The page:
Inauguration ceremonies typically bring lots of tourism dollars and other spending to the D.C. area, but this year the enhanced security means some businesses can't access many customers. News4's Justin Finch reports.

Businesses near the most secure zones are hurting under the double weight of road closures and a pandemic. Head chef and founder of Bubbie’s Plant Burgers & Fizz, Margeaux Riccio, said business has fallen off 70%.

“Either people can’t get to us or our delivery drivers, you know our third-party delivery drivers, are not able to get into the city,” Riccio said.

Bowser joined Ward 2 Council Member Brooke Pinto and Ward 6 Council Member Charles Allen Tuesday to stress that much of D.C. isn’t under a lockdown — neighborhoods away from the so-called federal enclave are not seeing such drastic changes.

Threats of attacks on President-elect Joe Biden’s inauguration have prompted extreme security measures throughout the nation's capital. A former chief of staff for the CIA, Jeremy Bash, joined LX News to break down the protective bubble in place for Inauguration Day.

“We want people to see our neighborhoods where we raise our families,” Bowser said, inviting tourists to return in the near future. “All of these neighborhoods are what will become the 51st state of Washington, D.C.”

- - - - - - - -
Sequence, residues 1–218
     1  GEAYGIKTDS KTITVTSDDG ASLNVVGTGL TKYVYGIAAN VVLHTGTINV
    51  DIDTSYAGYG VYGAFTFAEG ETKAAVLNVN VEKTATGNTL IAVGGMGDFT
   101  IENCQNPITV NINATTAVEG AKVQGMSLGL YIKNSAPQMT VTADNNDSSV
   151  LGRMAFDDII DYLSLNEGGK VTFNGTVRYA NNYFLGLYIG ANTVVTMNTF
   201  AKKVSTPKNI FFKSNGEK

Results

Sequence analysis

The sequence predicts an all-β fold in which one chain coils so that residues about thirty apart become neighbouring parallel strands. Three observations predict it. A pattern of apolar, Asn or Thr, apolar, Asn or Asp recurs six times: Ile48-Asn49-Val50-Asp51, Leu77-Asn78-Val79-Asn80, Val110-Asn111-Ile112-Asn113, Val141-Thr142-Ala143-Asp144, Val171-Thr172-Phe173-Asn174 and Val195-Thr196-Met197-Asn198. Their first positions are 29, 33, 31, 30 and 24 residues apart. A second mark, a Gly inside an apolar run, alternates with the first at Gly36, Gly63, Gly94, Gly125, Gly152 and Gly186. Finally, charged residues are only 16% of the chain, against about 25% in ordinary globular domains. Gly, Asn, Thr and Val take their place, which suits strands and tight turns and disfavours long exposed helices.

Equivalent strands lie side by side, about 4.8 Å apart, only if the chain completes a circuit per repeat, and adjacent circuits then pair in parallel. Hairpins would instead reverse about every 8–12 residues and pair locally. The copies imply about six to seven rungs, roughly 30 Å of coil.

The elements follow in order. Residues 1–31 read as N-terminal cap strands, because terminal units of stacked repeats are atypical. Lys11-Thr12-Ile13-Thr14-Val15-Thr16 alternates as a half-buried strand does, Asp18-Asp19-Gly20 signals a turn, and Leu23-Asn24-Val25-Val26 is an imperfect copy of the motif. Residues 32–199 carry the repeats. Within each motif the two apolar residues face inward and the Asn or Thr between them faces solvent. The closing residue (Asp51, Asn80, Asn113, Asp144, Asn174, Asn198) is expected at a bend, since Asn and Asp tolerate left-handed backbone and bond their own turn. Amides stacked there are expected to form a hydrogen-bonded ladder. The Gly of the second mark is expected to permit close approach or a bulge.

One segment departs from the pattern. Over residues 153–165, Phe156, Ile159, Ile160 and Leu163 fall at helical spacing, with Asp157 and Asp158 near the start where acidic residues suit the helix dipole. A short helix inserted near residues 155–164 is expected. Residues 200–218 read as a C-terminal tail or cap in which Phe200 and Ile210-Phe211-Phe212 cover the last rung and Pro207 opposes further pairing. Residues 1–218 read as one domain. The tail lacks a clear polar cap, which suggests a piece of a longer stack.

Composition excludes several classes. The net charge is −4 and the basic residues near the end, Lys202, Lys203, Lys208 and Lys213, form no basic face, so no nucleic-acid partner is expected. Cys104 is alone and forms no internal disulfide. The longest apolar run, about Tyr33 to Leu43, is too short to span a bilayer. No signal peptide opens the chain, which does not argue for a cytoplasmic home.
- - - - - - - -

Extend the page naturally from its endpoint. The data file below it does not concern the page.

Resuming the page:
Bowser said she discussed the issue of granting D.C. statehood with Biden and the incoming president replied something like, "Kid, I've always been there with you."

Police Chief Robert Contee said that D.C. has the resources it needs to maintain public safety citywide.

The U.S. Capitol surrounded by armed National Guard troops, razor wire, high fences and checkpoints and heavy-duty trucks are blocking roads, just a few visible signs that this Inauguration Day will be like no other.

Still, many traditions will endure, including a parade that travels Pennsylvania Avenue.

The Presidential Inaugural Committee has released a list of groups from across the U.S. who will take part in a virtual “Parade Across America,” including local groups.

The inauguration of Joe Biden as the 46th president of the United States is going to look vastly different than the ceremonies of his predecessors, and the most striking difference may be that outgoing President Donald Trump will not attend. George Washington University history professor Edward Berkowitz joined LX News to explain what usually goes down on Inauguration Day and why Trump's refusal to attend is so unusual.

Howard University’s Showtime Band will bring a drumline, flag squad and dancers to perform live.

The drumline will play a special cadence to honor Harris, who graduated from the historically Black college.

Among those participating locally are members of the Arlington, Virginia-based Tragedy Assistance Program for Survivors, which assists those dealing with the death of a military loved one. “I mean we’ve had a big loss in our family from a man who had served this country so well, and for him to be honored and for TAPS to be honored for the work that they do, we were just so thrilled,” Sara Wilson, a military widow, said.